Holiday Hosting: Tips for Accommodating Guests with Food Allergies
The holidays are here — that means we have a lot of family time ahead of us with a lot of food to eat. If you don’t have any dietary restrictions, it’s easy to forget that not everyone can eat everything, including what’s on the holiday dinner menu. If you’re hosting this year, here are 7 tips for accommodating guests with food allergies.
Initial Invite As you start filling out the invitations — whether you’re crafting cards or sending an E-vite — include an RSVP column where your recipients can include any diet restrictions. Make it clear that this is for “can’t have” not “don’t want.” If you know in advance that someone attending has a nut allergy, you can plan your meal around anything major.
Map it Out Make a chart with all of the restricted foods and the foods you want to serve. This helps you eliminate dangers as well as give you an idea of how items can be substituted. If you want to serve your sweet potato casserole but someone with a pecan allergy is expected, you can make the sweet potatoes with the marshmallow topping rather than the pecan topping. It also gives you the opportunity to check that everyone has a balanced meal.
Know What You’re Serving The best way to make sure you’re not serving something off-limits to your guests is to make everything from scratch. This way you know exactly what you’re putting into every dish and you have the option of leaving out anything harmful to your guests with sensitive palates. It’s a big undertaking to cook and bake everything from scratch, so for the items you have to buy pre-made, keep the labels for your guests to reference.
Sterilize Equipment Before you start cooking, make sure you wash and sanitize all of your cooking gear and dishes really well. For severe allergies, even trace amounts of the offending food can be dangerous.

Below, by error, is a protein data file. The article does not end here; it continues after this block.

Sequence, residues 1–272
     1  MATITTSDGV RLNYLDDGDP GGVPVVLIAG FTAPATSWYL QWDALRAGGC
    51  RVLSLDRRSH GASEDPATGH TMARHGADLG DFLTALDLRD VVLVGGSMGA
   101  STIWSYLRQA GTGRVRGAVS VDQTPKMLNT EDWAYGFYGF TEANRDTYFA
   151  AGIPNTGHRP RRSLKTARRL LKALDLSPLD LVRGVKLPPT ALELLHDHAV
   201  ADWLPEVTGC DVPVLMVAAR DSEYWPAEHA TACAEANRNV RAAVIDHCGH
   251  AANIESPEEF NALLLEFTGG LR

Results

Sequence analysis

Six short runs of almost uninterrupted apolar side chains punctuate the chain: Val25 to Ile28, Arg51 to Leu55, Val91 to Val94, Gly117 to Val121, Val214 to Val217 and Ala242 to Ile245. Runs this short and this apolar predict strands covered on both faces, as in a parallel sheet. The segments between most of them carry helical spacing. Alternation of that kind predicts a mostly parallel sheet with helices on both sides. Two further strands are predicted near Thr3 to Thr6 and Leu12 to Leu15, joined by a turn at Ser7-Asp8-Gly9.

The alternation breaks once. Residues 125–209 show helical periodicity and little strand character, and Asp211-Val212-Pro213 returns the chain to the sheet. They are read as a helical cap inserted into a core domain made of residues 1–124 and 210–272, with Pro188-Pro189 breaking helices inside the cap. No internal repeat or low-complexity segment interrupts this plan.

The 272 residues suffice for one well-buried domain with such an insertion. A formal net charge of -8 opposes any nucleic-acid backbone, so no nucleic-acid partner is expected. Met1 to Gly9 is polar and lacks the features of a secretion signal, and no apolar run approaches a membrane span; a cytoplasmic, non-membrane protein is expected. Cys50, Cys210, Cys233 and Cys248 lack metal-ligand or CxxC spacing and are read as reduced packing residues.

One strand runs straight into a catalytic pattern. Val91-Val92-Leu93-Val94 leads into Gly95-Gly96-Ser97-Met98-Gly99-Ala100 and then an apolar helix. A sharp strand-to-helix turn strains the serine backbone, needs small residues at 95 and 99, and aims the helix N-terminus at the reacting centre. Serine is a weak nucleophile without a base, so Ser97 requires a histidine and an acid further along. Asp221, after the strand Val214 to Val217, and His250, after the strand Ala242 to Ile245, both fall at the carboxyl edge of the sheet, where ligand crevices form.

Identify Ingredients If you expect to accommodate a lot of people with allergies, you may want to label each dish. Include the name of the dish and all the ingredients that may cause a problem. Let everyone know that they should read the labels before they serve themselves. Listing every ingredient isn’t necessary, but noting things “contain dairy” or something is “gluten free,” sends the right message. Labels also present an opportunity to be crafty! Make the labels cute to match your decor and brighten the buffet.
Share the Load Most Thanksgivings are at least semi-pot luck, so it’s OK for you to ask guests with serious food allergies to bring something allergy-friendly to dinner. Just make sure they bring a list of the ingredients to add to your labels.
Extra Precautions Make sure you have an epipen in the house. People have a lot to manage around the holidays — even as guests. When parents are wrangling kids to arrive at the holiday dinner on time, they’re bound to forget something. Some items don’t need a backup, but an epipen does. For extreme allergies, make extreme accommodations: eliminate the most dangerous items from your menu.
Planning traditional holiday meals takes a lot of work and preparation! Let LTD Commodities help you make it perfect. From serveware and kitchen gadgets to holiday decor to make your dining room sparkle, LTD has everything you need to make it memorable.
Epi-Pen…An Epi- Pen is a prescribed medicine with different doses for adults and children There are no generic Epi- pens. You should never ever give a child an Epi-Pen unless they were prescribed it by their pediatrician. This was a dangerous comment. Especially if a person does not know there are adult and child versions and doses of this medicine. Also after administering an Epi-Pen it is to be followed with 911
Are Epipens available without a prescription?
Thank you. That’s an excellent idea to keep one around for guests!